Former President Bill Clinton said he would exercise the constitutional power to raise the nation’s debt ceiling “without hesitation” if he were faced with a default while serving as president, and would “force the courts to stop me.”
“I think the Constitution is clear and I think this idea that the Congress gets to vote twice on whether to pay for [expenditures] it has appropriated is crazy,” Clinton said during an interview Monday night with The National Memo.
President Obama has sidestepped the question of whether he would invoke the Constitution in the event an agreement on deficit reduction is not reached, saying, “I don’t think we should even get to the constitutional issue. … The notion that the U.S. is going to default on its debt is just irresponsible.”
But several scholars have weighed in on whether the Constitution offers a solution should Congress fail to act. Yale law professor Jack Balkin and Harvard law professor Laurence Tribe have agreed that Section 4 of the Fourteenth Amendment does not authorize the President to act, but Tribe and others have noted that Congress’s behavior in “acting in a way to call the public debt into question” may be unconstitutional, even if there is no clear remedy other than to hold Congress publicly accountable.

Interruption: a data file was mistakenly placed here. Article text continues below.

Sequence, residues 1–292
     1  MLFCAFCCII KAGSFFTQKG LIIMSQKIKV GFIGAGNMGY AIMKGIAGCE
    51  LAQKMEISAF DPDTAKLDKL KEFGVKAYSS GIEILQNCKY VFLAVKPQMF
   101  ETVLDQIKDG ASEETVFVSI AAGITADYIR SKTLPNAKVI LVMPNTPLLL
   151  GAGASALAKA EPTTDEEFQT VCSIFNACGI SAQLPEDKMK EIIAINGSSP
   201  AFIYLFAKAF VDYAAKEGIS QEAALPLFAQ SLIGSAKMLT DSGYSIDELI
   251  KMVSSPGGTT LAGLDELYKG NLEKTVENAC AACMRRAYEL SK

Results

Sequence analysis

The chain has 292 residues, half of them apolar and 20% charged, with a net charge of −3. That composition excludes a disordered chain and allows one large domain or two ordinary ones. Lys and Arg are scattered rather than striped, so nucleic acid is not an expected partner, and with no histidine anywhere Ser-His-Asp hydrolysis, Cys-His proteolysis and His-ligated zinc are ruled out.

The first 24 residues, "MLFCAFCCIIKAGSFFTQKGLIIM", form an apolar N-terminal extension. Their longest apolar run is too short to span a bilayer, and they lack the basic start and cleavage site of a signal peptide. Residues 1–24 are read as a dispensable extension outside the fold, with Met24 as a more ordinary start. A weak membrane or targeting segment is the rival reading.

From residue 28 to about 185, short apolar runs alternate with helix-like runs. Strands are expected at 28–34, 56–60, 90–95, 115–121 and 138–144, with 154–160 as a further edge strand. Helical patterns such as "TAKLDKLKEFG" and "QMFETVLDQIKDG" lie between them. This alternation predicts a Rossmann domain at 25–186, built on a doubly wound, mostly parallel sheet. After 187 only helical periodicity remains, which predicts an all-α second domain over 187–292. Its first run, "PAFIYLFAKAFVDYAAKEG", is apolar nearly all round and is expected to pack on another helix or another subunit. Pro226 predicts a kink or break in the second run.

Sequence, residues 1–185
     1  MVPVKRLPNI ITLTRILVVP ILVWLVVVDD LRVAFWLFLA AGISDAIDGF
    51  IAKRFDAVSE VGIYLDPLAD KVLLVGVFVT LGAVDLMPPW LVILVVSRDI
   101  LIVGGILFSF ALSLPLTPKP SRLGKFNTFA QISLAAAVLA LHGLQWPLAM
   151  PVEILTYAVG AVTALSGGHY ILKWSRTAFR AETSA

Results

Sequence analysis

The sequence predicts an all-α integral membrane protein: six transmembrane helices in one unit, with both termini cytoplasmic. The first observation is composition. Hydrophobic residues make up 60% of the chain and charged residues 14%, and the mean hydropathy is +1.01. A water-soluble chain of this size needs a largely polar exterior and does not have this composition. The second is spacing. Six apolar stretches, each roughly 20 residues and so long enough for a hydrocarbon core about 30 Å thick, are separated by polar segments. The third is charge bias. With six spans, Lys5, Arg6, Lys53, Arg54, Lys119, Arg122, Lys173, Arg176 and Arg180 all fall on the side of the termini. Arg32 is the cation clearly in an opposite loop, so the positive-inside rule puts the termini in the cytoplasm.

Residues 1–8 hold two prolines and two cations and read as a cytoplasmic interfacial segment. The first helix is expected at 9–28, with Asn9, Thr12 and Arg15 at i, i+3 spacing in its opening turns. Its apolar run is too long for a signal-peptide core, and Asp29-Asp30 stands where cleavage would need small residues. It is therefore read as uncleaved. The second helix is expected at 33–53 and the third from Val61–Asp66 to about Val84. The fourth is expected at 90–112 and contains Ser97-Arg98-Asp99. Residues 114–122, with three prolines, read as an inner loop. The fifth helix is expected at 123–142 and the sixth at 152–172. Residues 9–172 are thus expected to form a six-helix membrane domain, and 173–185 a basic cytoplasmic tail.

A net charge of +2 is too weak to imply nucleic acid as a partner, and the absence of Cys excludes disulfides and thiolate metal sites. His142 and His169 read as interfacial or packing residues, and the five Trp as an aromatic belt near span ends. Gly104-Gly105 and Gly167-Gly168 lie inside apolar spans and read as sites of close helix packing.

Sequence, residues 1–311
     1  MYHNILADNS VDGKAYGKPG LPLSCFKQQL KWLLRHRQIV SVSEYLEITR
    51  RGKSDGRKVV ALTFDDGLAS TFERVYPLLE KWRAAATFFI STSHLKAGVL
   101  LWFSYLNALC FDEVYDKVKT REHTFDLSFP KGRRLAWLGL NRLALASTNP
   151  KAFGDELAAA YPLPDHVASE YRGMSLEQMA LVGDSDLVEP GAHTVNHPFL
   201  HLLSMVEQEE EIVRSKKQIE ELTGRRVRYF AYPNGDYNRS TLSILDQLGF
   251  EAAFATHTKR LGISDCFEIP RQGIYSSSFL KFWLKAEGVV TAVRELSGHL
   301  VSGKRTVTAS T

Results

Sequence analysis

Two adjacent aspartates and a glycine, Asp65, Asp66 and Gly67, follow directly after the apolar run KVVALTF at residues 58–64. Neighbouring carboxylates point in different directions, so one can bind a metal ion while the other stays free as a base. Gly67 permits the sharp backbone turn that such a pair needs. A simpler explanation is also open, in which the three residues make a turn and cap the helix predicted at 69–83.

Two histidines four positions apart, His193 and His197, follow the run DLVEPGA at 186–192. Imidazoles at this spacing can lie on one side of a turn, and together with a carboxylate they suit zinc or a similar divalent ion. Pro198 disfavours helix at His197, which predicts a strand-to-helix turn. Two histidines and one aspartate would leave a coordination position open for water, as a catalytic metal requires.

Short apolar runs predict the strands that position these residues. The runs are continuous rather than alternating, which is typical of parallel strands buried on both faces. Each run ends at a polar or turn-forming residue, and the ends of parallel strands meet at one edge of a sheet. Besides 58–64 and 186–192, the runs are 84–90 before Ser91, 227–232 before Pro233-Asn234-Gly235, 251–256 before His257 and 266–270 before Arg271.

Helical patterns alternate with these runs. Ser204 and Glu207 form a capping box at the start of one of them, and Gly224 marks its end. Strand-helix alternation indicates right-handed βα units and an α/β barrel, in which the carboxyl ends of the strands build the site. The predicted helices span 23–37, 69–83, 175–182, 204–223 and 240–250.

In a new blog post, Ohio State University law professor Peter Shane, who specializes in executive power, calls the argument that the President has the power under the Fourteenth Amendment to raise the debt limit “implausible.” He suggests, however, that there is some statutory authority available to the President that would enable him to “provide for contingencies” by deciding for himself in what areas government spending should be deferred in order to keep needed functions operating without borrowing money.